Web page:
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233 posts

Master Geek


# 162082 28-Jan-2015 16:15
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Hi,

I'm hoping there are some electronics gurus out there who can confirm that I am measuring this right.

I have wired up a very basic solar charger for camping purposes and was trying to work out if my USB charger is actually putting out a 2.1 amp charge as it is labeled as being able to do.

The simple setup is a 12 V 6.5 Ah SLA battery, a car cigarette lighter socket, a USB cigarette lighter charger with a 2.1A and a 1A output, and then a small solar panel to charge the battery.

When I connect my iPhone 5 to the 2.1A output and measure the current on the 12V side I get just under 500 mA.
If I connect to the 1A socket, I get the same 500 mA current on the 12V side.

12 x 0.5 = 6 Watts?  is that right?

Can this calculation then be used to work out the current of the 5V USB side?
6 watts / 5 volts = 1.2 amps?


I'm trying to work out if I am getting a 2.1A charge or not... looks to me like not.
There's a chance the USB charger is just a cheapie that doesn't actually do what it say's it does.

I would expect a 2.1A charger x 5V = 10.2W.  (e.g. a 12W iPad charger)
10.2W / 12V = 0.85A on the 12V side.

Is my math correct?

Cheers,
N



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  # 1224193 28-Jan-2015 16:24
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The only way to really check is to get an ammeter which must go in one of the lines so the current flows through the meter.  A multimeter capable of measuring Amps will do the trick.




"4 wheels move the body.  2 wheels move the soul."

“Don't believe anything you read on the net. Except this. Well, including this, I suppose.” Douglas Adams

 
 
 
 




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Master Geek


  # 1224204 28-Jan-2015 16:26
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Dynamic: The only way to really check is to get an ammeter which must go in one of the lines so the current flows through the meter.  A multimeter capable of measuring Amps will do the trick.


yep, so i have that, but can only measure current on the 12V side as I have no way (yet) of getting 'inline' on the 5V (USB) side.



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Master Geek


  # 1224207 28-Jan-2015 16:27
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kiwitrc: Where are you? I can lend you one of these if you like http://www.aliexpress.com/item/BESTOPE-USB-Power-Meter-Voltage-Tester-Current-Monitor-Volt-Amp-Reader-Multimeter-LED-Screen-Portable-Durable/1723031707.html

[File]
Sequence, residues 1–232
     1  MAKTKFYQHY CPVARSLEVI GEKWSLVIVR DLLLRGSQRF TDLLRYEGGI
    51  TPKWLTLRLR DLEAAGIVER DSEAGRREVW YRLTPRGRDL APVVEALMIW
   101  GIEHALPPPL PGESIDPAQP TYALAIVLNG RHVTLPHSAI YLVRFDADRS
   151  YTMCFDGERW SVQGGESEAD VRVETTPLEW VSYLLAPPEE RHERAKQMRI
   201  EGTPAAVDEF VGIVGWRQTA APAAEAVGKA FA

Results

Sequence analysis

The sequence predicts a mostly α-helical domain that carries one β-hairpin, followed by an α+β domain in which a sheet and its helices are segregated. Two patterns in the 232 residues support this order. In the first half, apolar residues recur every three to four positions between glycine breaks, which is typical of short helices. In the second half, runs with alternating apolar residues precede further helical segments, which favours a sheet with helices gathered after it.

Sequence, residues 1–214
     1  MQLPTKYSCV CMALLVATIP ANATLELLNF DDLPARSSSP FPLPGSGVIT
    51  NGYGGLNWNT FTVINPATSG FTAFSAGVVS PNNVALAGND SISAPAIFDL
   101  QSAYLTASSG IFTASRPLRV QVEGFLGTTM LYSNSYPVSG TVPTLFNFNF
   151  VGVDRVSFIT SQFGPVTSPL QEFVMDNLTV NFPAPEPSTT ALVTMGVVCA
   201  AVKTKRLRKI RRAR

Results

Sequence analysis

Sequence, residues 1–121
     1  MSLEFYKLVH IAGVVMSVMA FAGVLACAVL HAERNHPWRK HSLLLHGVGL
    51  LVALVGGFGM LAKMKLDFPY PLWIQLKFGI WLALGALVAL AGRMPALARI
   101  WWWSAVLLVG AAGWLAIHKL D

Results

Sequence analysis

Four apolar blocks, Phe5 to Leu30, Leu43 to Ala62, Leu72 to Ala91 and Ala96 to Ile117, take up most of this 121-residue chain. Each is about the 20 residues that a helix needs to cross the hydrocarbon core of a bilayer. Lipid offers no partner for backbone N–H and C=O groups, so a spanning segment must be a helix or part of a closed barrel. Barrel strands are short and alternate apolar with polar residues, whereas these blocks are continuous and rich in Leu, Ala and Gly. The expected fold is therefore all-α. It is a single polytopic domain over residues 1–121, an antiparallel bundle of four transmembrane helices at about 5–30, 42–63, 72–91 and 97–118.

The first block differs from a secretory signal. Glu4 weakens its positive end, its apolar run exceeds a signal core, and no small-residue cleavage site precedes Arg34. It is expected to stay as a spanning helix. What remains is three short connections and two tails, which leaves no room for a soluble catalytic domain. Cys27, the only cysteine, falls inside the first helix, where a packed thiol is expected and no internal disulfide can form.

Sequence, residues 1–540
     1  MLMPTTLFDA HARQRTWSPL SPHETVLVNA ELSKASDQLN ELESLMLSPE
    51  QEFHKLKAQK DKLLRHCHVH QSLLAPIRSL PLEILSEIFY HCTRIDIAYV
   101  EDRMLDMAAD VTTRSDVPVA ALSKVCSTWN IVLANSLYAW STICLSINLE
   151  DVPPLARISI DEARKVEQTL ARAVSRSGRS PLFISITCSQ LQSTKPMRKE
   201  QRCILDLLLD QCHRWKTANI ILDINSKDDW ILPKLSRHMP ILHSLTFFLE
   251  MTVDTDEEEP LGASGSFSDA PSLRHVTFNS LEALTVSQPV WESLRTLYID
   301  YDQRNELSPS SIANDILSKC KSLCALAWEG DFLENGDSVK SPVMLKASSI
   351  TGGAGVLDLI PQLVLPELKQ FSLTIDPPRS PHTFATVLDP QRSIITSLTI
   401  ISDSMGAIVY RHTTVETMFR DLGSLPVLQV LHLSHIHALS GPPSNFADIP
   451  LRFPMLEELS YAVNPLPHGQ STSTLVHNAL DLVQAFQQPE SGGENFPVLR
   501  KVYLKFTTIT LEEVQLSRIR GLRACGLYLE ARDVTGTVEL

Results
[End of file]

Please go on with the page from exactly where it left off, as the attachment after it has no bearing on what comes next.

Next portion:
cool gadget!!  I'm in Palmerston North

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  # 1224209 28-Jan-2015 16:28
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nbroad:
kiwitrc: Where are you? I can lend you one of these if you like http://www.aliexpress.com/item/BESTOPE-USB-Power-Meter-Voltage-Tester-Current-Monitor-Volt-Amp-Reader-Multimeter-LED-Screen-Portable-Durable/1723031707.html


cool gadget!!  I'm in Palmerston North


PM me your address and I will fire it up tomorrow, boomerang it when you are done.

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  # 1224210 28-Jan-2015 16:29
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nbroad:
Dynamic: The only way to really check is to get an ammeter which must go in one of the lines so the current flows through the meter.  A multimeter capable of measuring Amps will do the trick.


yep, so i have that, but can only measure current on the 12V side as I have no way (yet) of getting 'inline' on the 5V (USB) side.


Cut open a USB cable.  I have spares if you need one.  :)




"4 wheels move the body.  2 wheels move the soul."

“Don't believe anything you read on the net. Except this. Well, including this, I suppose.” Douglas Adams



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Master Geek


  # 1224217 28-Jan-2015 16:33
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Cut open a USB cable.  I have spares if you need one.  :)


true... didn't want to cut into my lightning cable, but i suppose i could always get an extension cable, add that and cut into that.

 
 
 
 


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  # 1224266 28-Jan-2015 18:22
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Apple does not follow the USB charging standard.  It detects a resistor network on the data lines.  If you don't have the correct divider, then it will not draw more than 1A (or could be 500mA).  Everything else follows the USB charging standard by detecting the data lines are shorted together.  The 2 methods are not compatible, so you will see some adapters will have a socket labelled iPad and another socket labelled Other (or something like that).  With an iPhone you probably don't notice, but with an iPad the lower current limit is less than the power consumption so you end up running the battery flat while "charging".

It is easy to modify the adapter to have the Apple-specific resistor divider.




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Master Geek


  # 1224593 29-Jan-2015 10:43
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Thank Niel... that probably explains it.
I'll have a hunt around for an Apple compatible version.

Cheers

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  # 1224716 29-Jan-2015 14:04
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Also devices will not pull the full current when they are getting near to full. They will back off at about 70% from what I have seen.

If only apple had added qualcomm quickcharge 2.0 to their products. That kicks arse for charge speed. If only USB powerbanks would take it, since those take _forever_ to charge up.




Richard rich.ms

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